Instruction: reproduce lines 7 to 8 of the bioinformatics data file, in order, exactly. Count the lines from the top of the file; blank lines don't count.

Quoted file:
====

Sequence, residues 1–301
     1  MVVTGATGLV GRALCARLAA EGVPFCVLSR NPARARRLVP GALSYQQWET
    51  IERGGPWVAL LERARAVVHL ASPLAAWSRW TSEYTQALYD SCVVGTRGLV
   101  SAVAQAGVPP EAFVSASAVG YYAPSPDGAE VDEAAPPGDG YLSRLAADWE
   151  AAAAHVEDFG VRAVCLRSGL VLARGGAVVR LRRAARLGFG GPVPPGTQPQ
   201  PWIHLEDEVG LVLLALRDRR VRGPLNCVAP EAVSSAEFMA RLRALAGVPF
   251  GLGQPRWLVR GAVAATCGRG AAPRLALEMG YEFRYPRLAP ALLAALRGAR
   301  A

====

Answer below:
   251  GLGQPRWLVR GAVAATCGRG AAPRLALEMG YEFRYPRLAP ALLAALRGAR
   301  A